Is dodge ball the next extreme sport? This article thinks so, as do the World Dodgeball Association and the National Amateur Dodgeball Association. As the article points out, the organized, safety-conscious, rules-based version promoted by the WDA isn’t the same game that is popping up on college campuses:
The WDA and other dodgeball organizations tone down the game’s violence by using lightweight foam-based balls and outlawing head shots, while emphasizing teamwork. At the WDA website, the extensive rules (four “dodgers” on the inside; three “floaters” on the perimeter) read like a story problem from hell’s geometry class.
“Everyone’s going to have their own house rules, and that’s great,” Gelman says. “But we have to have a set of rules, because there are tournaments with money involved.”
Kent’s current rules could be spelled out on a Post-It note. Two teams line up at opposite ends of the court; play begins with a dash for the balls — usually about 20 — which are lined up in the center. Each team then retreats with its ammo, and a rubberized free-for-all ensues, with balls slamming off players and walls until one man is left standing. It usually takes just a few minutes.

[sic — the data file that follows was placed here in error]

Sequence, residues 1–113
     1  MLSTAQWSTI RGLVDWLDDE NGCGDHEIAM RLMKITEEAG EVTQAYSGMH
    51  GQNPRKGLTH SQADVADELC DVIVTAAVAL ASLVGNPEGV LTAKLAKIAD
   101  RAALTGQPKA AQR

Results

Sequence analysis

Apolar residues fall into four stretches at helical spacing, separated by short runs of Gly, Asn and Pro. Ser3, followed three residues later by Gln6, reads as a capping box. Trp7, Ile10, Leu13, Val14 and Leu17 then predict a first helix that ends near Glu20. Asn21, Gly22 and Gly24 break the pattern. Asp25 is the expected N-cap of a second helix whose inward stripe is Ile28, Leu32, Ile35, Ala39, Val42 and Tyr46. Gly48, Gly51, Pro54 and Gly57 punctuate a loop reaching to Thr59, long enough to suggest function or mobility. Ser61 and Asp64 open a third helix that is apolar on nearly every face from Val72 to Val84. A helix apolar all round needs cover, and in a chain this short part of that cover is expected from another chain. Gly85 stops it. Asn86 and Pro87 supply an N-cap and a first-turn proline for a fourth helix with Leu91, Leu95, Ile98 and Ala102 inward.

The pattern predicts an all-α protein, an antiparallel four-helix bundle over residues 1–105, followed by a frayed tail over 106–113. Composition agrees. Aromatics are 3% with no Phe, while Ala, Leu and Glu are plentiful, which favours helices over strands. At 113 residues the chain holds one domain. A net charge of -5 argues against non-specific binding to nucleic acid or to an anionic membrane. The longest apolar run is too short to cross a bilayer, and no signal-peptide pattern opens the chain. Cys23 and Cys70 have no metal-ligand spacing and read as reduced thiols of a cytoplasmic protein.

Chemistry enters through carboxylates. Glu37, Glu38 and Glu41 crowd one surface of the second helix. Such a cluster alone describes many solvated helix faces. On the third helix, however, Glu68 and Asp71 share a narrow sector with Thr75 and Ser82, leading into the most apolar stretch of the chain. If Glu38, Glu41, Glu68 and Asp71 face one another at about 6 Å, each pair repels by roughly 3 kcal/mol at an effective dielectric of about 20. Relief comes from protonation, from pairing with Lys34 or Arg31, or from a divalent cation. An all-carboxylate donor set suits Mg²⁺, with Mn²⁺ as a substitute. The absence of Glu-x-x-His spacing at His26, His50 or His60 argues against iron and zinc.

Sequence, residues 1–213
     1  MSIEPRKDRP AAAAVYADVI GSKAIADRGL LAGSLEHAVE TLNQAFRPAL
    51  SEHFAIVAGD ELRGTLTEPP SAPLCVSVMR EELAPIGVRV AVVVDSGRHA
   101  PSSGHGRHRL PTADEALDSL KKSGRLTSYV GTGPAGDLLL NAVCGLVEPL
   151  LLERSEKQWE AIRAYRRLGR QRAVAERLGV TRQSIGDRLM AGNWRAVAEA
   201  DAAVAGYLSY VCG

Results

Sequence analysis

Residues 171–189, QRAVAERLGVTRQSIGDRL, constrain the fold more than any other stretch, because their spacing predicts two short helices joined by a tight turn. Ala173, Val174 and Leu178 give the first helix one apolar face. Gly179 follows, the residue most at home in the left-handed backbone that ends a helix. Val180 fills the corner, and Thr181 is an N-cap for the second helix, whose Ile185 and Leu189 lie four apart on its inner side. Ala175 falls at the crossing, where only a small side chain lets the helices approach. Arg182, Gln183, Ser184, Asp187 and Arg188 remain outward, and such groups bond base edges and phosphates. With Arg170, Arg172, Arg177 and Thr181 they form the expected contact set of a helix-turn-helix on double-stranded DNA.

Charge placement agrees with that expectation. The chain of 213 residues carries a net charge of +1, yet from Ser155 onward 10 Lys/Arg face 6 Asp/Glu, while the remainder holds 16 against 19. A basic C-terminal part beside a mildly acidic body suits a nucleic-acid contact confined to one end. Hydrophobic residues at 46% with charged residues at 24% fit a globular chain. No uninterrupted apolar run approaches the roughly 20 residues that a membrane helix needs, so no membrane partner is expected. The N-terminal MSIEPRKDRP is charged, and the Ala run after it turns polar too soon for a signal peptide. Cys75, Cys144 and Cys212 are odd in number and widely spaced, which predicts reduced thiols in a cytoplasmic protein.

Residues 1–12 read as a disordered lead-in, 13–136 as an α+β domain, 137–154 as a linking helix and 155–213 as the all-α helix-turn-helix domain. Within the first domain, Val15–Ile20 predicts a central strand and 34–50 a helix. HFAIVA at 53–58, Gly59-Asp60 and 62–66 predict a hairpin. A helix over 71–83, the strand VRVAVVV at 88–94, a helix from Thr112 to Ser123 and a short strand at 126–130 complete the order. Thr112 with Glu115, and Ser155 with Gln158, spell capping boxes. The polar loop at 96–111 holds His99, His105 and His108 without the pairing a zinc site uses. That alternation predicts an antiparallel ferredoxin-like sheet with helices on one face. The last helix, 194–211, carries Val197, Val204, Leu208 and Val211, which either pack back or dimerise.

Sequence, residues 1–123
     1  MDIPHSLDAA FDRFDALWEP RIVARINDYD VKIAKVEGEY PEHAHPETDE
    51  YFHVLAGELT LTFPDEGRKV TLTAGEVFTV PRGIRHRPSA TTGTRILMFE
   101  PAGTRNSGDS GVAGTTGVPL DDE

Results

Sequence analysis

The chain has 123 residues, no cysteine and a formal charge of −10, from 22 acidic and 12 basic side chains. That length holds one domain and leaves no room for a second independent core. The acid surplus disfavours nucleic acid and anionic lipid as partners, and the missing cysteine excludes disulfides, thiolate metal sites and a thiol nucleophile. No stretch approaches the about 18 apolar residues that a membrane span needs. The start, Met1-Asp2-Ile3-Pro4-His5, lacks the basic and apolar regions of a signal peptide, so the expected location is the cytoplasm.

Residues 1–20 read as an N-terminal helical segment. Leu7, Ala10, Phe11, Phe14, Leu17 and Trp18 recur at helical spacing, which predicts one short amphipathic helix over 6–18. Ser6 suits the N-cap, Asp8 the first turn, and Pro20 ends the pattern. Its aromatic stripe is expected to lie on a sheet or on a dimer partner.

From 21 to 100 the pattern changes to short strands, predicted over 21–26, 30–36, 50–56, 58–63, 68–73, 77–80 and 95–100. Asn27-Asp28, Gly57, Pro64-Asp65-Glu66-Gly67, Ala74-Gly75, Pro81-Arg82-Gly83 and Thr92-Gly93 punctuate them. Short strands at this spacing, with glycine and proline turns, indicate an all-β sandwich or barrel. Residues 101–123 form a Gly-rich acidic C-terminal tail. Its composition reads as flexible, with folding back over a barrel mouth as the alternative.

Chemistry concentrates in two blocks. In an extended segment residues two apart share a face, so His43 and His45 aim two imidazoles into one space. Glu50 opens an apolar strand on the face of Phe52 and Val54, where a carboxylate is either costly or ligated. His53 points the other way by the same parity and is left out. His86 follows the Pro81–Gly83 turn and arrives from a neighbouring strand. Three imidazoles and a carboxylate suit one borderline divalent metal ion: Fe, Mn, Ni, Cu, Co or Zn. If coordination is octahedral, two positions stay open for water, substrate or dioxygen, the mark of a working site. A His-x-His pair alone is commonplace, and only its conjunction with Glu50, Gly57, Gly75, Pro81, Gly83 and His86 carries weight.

Shots to the groin are permitted; shots to the head are applauded.
“If you can’t take one to the face, you’re in the wrong place. Yoga ended half an hour ago,” says Marc Ybarsabal, an Ohio State sophomore who was part of the triumph over Kent.
Surprisingly, I loved dodgeball as a kid – it was the only game we played in gym class that we didn’t get bogged down in skills training and testing, rules quizes, and the like. I was talking to a friend about encouraging departmental kick-ball games the other day; my school’s version dictated that the kicker be placed opposite the swingsets and observers on the swings were allowed to kick the ball back into play so long as they were swinging at the time. I guess there’s a lot of us who miss these sort of free-for-all pseudo-sports. [via Alt-log]